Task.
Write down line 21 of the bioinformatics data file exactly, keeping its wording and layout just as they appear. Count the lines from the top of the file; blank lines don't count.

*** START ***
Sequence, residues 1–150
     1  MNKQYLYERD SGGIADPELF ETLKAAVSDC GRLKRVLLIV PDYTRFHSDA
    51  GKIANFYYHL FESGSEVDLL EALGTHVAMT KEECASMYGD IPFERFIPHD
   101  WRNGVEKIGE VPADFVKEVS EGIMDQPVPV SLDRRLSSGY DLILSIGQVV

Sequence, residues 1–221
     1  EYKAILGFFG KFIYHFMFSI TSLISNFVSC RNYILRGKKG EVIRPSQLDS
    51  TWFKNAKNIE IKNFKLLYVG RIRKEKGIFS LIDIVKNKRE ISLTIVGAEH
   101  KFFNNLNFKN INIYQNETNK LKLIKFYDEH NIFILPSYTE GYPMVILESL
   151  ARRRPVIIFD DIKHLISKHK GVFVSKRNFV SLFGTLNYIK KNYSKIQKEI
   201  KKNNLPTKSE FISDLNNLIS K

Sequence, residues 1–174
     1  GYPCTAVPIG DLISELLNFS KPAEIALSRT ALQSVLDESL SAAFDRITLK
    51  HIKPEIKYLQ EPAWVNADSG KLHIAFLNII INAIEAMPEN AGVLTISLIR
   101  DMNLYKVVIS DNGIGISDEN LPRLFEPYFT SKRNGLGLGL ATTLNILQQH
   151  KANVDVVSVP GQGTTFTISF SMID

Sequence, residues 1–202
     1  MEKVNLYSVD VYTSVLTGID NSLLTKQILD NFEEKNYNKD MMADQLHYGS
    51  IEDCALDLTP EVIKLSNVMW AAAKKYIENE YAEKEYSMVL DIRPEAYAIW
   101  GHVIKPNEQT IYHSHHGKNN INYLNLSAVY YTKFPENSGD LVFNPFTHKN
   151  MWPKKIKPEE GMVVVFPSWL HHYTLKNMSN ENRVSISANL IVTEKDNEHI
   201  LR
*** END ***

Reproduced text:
   201  LR